Record of my publicly available work

A few people who I’ve spoken to as part of my job hunt have asked to see some “detailed descriptions” of work that I’ve done. The other day, I put together an email with some of these descriptions. I thought it might make sense to “document” it in one place (and for me, the “obvious one place” is this blog). So here it is. As you might notice, this takes the form of an email.

I’m putting together links to some of the publicly available work that i’ve done.
1. Cricket
I have a model to evaluate and “tell the story of a cricket match”. This works for all limited overs games, and is based on a dynamic programming algorithm similar to the WASP. The basic idea is to estimate the odds of each team winning at the end of each ball, and then chart that out to come up with a “match story”.
And through some simple rules-based intelligence, the key periods in the game are marked out.
The model can also be used to evaluate the contributions of individual batsmen and bowlers towards their teams’ cause, and when aggregated across games and seasons, can be used to evaluate players’ overall contributions.
Here is a video where I explain the model and how to interpret it:
The algorithm runs live during a game. You can evaluate the latest T20 game here:
Here is a more interactive version , including a larger selection of matches going back in time.
Related to this is a cricket analytics newsletter I actively wrote during the World Cup last year. Most Indians might find this post from the newsletter interesting:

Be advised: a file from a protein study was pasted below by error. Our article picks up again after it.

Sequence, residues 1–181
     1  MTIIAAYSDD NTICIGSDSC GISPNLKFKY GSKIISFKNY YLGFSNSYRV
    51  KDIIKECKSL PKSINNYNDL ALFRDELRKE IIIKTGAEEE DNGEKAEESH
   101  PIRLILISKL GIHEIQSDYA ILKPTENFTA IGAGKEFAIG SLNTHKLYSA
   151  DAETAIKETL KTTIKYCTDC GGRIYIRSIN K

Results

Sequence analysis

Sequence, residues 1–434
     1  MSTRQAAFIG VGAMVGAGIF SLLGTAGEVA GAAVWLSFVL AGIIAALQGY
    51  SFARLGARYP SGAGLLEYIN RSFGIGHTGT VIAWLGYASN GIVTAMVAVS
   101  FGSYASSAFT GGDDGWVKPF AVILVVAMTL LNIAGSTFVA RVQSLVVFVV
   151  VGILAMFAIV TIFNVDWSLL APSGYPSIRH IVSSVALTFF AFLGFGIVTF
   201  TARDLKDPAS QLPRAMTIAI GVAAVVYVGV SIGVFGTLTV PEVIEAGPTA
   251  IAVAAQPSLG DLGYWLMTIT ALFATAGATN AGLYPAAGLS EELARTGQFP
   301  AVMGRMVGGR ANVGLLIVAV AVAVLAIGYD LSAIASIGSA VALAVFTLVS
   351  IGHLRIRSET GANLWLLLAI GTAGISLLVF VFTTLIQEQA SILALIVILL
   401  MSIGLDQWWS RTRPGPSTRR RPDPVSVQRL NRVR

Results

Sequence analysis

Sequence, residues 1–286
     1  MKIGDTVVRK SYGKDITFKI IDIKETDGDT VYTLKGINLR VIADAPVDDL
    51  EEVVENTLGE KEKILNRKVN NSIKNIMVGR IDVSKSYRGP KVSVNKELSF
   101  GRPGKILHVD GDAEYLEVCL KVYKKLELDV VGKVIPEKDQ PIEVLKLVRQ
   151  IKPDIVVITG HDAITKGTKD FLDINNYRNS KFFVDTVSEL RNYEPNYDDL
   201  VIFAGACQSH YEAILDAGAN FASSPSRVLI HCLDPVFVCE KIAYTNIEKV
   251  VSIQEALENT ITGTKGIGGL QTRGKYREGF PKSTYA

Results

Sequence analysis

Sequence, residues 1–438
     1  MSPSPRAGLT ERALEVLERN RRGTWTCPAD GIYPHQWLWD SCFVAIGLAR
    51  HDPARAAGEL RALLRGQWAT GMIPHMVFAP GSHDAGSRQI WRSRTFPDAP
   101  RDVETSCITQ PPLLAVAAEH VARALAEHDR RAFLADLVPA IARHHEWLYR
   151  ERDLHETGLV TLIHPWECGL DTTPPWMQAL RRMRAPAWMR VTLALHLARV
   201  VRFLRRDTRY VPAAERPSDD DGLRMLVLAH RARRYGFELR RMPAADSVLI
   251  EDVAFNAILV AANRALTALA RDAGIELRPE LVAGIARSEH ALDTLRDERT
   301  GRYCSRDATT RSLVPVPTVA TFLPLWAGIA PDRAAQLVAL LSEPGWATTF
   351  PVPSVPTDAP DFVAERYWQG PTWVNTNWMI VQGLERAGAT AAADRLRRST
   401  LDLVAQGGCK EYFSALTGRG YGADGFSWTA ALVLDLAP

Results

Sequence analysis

2. Covid-19
At the beginning of the pandemic (when we had just gone under a national lockdown), I had built a few agent based models to evaluate the risk associated with different kinds of commercial activities. They are described here.
Every morning, a script that I have written parses the day’s data from and puts out some graphs to my twitter account  This is a daily fully automated feature.
Here is another agent based model that I had built to model the impact of social distancing on covid-19.
tweetstorm based on Bayes Theorem that I wrote during the pandemic went viral enough that I got invited to a prime time news show (I didn’t go).
3. Visualisations
I used to collect bad visualisations.
I also briefly wrote a newsletter analysing “good and bad visualisations”.
4. I have an “app” to predict which single malts you might like based on your existing likes. This blogpost explains the process behind (a predecessor of ) this model.
5. I had some fun with machine learning, using different techniques to see how they perform in terms of predicting different kinds of simple patterns.
6. I used to write a newsletter on “the art of data science”.
In addition to this, you can find my articles for Mint here. Also, this page on my website  as links to some anonymised case studies.

I guess that’s a lot? In any case, now I’m wondering if I did the right thing by choosing “skthewimp” as my Github username.